If I could choose five famous people I would most want to sit down with and discuss Eliot’s love for metaphysical poetry, Barack Obama would be at the top of the list.
That’s it. That’s all. Just the notion that Barack Obama would find T.S. Eliot interesting when he was twenty is insulting to the dumbass.
Oooh. I am faint!
Funny, I read “The Wasteland” when I was 16 in Mr. Gill’s Humanities at Santa Fe High School, and I immediately went to the library and read a lot more of him. But then, I’m probably an elitist out of touch with “common folks” like pretend-cowboy Foster Friess and his Jackson Hole Mansion (or his Delaware manse, or his Scottsdale, Arizona manse, etc. etc.)
Seriously, being smart is a bad thing? Being curious is suspicious? Trying to think deep thoughts in college is awful and terrible?
Welcome to the Twelfth Century. Please put on a plague mask and kill some more of those demonic cats. Thanks.*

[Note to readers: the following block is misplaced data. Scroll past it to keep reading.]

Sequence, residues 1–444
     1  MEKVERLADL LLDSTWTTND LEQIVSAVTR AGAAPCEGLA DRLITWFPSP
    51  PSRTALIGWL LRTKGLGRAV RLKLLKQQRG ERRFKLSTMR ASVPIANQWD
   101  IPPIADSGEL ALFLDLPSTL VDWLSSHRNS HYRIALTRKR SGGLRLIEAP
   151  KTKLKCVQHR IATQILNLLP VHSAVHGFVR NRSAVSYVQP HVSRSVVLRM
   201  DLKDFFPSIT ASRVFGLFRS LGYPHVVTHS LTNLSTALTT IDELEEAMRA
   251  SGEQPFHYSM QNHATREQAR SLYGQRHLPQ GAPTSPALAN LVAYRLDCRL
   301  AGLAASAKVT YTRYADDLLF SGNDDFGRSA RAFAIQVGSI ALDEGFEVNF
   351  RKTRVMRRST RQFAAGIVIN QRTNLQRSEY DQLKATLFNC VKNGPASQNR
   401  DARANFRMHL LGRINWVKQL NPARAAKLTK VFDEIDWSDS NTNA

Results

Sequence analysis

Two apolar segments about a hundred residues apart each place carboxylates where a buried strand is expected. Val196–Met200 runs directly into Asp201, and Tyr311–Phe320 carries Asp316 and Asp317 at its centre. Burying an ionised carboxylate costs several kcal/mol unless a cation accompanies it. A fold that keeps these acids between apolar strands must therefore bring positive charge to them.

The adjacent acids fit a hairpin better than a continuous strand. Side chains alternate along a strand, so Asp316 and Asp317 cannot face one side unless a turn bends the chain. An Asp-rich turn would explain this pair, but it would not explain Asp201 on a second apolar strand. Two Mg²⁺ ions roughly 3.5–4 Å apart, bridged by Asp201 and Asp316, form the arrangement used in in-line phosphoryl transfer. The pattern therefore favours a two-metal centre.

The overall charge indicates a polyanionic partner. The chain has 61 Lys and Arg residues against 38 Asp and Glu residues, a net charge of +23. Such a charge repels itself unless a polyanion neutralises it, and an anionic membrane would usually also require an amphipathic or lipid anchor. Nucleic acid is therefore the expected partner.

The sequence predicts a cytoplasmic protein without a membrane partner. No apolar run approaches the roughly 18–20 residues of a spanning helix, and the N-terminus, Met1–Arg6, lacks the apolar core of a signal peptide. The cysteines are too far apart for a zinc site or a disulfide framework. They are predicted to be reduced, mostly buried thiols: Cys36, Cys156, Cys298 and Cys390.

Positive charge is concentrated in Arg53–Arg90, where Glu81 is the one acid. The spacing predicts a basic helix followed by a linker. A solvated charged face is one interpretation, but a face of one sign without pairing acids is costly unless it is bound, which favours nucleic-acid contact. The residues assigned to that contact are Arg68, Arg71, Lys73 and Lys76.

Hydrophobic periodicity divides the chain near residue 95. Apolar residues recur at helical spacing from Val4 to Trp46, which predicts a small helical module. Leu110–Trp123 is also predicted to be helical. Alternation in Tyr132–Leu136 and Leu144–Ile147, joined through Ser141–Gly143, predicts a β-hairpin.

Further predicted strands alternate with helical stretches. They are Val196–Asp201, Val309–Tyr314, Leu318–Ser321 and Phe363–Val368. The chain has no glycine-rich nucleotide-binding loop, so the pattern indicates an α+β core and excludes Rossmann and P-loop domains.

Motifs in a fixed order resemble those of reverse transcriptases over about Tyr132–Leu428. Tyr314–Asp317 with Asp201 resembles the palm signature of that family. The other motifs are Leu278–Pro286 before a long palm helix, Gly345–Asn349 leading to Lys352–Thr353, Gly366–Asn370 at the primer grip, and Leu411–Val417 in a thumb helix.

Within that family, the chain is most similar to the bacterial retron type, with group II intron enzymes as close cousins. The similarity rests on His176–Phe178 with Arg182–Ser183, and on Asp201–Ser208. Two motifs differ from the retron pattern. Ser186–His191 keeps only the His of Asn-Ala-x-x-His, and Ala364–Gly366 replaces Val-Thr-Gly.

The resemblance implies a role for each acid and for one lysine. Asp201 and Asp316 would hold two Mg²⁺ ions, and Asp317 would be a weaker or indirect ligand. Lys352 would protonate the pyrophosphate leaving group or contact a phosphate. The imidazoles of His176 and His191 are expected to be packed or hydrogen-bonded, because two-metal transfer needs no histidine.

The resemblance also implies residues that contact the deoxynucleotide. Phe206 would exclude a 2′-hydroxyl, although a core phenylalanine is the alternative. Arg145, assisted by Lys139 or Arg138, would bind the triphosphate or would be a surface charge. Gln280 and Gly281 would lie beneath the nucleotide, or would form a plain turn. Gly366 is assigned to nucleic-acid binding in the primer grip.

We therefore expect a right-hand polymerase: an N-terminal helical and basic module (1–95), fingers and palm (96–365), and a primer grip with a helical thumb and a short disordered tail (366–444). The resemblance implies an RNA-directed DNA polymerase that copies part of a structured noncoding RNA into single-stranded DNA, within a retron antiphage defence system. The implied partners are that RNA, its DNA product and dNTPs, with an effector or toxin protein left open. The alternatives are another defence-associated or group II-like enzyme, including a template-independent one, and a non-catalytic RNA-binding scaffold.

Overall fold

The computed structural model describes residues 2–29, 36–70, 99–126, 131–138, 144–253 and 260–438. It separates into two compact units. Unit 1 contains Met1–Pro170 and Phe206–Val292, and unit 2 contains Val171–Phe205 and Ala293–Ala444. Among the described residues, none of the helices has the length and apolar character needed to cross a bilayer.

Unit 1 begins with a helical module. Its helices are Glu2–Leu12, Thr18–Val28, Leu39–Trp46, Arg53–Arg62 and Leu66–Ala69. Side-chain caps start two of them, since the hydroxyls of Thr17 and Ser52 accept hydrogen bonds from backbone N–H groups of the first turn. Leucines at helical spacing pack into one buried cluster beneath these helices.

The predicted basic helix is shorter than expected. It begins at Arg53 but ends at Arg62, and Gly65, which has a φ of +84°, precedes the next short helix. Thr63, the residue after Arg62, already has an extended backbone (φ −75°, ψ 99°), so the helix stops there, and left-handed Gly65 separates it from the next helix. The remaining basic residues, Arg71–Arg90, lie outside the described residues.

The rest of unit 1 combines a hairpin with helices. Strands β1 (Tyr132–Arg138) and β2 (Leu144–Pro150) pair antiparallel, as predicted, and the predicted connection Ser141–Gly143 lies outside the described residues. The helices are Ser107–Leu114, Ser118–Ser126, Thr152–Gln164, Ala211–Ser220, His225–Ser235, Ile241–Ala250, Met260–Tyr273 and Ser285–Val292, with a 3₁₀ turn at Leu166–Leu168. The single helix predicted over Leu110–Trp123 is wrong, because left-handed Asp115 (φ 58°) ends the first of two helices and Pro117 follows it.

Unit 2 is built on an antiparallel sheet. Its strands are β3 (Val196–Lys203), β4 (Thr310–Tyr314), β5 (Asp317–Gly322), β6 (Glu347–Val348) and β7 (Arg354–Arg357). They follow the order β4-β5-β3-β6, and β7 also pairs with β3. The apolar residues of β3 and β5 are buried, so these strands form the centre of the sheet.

Black Death togs for Docs
The metaphor isn’t chosen randomly: the persecution and marginalization of science and intellectuals is as senseless and potentially fatal as the murder of cats, unknowingly destroying the first line of defense against plague rats. There is little solace to be taken in so many dumbasses dying of their own preventable dumbassery. The Red Death is no respecter of persons.]
1999 CATO Institute tax return
But, we must complete the Rupert Murdoch trifecta. Today’s Wall Street Urinal splashes this golden stream onto the deodorant cake [Emphasis on the poisonous added]:
May 7, 2012, 7:31 p.m. ET
By BRET STEPHENS
Dear Class of 2012: